Finding a framework for financial advisors' value

Investment firms are developing different approaches to assess how advice contributes to improved client outcomes

Finding a framework for financial advisors' value

As clients become less convinced that they can get better outcomes simply through investment advice and services, advisors are left with two choices: accept lower compensation or justify the value you deliver in other areas. Neither one is easy for an advisor — but the second option is becoming decidedly less difficult thanks to the arrival of new frameworks.

Earlier this year, Russell Investments came out with a formula that sets out the cumulative value offered by a typical advisor.  It consists of five factors:

  • Annual rebalancing – according to the firm, advisors must teach clients the benefits of a systematic rebalancing policy, what their strategic rebalancing policy is, how frequently the portfolios are rebalanced, and how strategic rebalancing is done during volatile periods in the market;
  • Behavioural mistakes – advisors can coach clients to avoid biases that lead to self-sabotaging money decisions including loss aversion, overconfidence, and herding;
  • Cost – focused on basic investment-only management, advisors can become more effective in this area by properly leveraging technology and skilled outsourcing partners;
  • Planning – rather than a perfunctory box-checking exercise, planning services should incorporate an awareness of goals, circumstances, and preferences, as well as a continuous process to monitor progress; and
  • Tax-efficient – advisors should consider and pursue strategies that appropriately minimize the taxes their clients have to pay.

That framework is fleshed out in more detail in the 2019 Value of an Advisor Study, which was published by Russell Investments Canada in May. In an interview with The Globe and Mail, Sophie Gilbert, head of business solutions at Russell Investments Group LLC in Seattle, said that those five factors combined work out to 4.6% for advisors working in the U.S., 4.4% for those in Australia, and 2.8% in Canada.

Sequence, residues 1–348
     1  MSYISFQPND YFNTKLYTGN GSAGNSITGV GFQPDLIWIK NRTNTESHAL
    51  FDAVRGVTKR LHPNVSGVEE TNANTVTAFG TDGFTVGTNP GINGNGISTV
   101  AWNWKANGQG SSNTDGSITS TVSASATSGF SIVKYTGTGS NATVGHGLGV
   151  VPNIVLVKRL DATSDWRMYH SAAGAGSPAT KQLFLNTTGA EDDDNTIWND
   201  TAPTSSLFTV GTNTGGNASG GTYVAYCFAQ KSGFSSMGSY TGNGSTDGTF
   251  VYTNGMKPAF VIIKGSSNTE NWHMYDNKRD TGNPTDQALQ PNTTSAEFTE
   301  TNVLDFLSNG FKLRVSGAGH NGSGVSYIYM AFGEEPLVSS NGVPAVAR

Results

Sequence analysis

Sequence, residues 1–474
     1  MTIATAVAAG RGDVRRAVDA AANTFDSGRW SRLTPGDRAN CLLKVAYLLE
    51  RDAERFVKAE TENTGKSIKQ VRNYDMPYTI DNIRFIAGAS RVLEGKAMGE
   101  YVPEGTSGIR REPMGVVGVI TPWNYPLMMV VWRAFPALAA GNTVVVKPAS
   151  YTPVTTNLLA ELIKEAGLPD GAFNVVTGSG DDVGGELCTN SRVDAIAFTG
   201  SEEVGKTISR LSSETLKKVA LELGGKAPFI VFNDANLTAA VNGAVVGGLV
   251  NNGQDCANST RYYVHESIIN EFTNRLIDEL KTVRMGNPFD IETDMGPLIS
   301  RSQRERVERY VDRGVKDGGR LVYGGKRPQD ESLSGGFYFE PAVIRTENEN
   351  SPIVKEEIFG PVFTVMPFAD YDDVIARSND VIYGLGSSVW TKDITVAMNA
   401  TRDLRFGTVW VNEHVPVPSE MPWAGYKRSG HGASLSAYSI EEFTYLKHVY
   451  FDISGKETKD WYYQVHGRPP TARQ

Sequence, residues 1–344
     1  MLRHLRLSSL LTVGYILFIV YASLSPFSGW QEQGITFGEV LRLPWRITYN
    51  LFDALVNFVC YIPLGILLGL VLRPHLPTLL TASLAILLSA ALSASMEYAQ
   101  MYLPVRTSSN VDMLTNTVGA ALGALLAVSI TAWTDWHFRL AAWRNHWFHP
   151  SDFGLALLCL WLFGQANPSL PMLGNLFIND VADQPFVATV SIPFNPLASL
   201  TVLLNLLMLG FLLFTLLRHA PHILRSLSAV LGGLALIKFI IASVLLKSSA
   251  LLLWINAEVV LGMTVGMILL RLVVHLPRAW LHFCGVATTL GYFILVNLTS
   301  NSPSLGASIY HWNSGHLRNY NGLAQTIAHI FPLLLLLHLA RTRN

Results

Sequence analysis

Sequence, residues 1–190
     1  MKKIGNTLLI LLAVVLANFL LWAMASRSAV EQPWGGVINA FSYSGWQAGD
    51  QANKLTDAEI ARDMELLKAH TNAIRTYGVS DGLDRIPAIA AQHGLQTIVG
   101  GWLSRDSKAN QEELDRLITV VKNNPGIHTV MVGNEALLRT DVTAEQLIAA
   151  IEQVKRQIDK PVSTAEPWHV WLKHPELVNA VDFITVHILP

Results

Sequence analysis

For its part, Vanguard recently released a paper on its three-dimension framework of advisor value based on research on client data from its Personal Advisor Services (PAS) platform:

  • Portfolio Value – while the proper way to measure value in a portfolio is debatable, Vanguard’s approach focuses on diversification that generates better after-tax, risk-adjusted returns net of all fees, while suitably matching the client’s risk tolerance;
  • Financial Value – similar to Russell Investments, Vanguard’s research highlighted how advisors can help guide their clients’ spending and saving behaviour, debt management, estate planning, and other parts of their financial lives to attain specific goals; and
  • Emotional Value – focused on the advisor-client relationship, this dimension incorporates aspects such as advisor trust, behavioural coaching, and the investor’s own sense of confidence, all of which can contribute to their feeling of financial well-being.

“Our results highlight the need for a broader advisory industry investment in value metrics,” the firm’s researchers said in the associated paper titled Assessing the value of advice. “As the industry grows in scale and impact and the emphasis on investor value continues, additional data-driven benchmarks will be needed to evaluate advisor quality and efficacy.”


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